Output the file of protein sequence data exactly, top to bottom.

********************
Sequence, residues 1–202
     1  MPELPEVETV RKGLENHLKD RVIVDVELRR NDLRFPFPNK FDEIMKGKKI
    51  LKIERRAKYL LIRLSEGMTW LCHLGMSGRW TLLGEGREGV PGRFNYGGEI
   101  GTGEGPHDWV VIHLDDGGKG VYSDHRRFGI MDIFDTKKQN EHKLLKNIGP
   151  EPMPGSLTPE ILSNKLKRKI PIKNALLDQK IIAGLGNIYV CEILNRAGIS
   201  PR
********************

Sequence, residues 1–202
     1  MPELPEVETV RKGLENHLKD RVIVDVELRR NDLRFPFPNK FDEIMKGKKI
    51  LKIERRAKYL LIRLSEGMTW LCHLGMSGRW TLLGEGREGV PGRFNYGGEI
   101  GTGEGPHDWV VIHLDDGGKG VYSDHRRFGI MDIFDTKKQN EHKLLKNIGP
   151  EPMPGSLTPE ILSNKLKRKI PIKNALLDQK IIAGLGNIYV CEILNRAGIS
   201  PR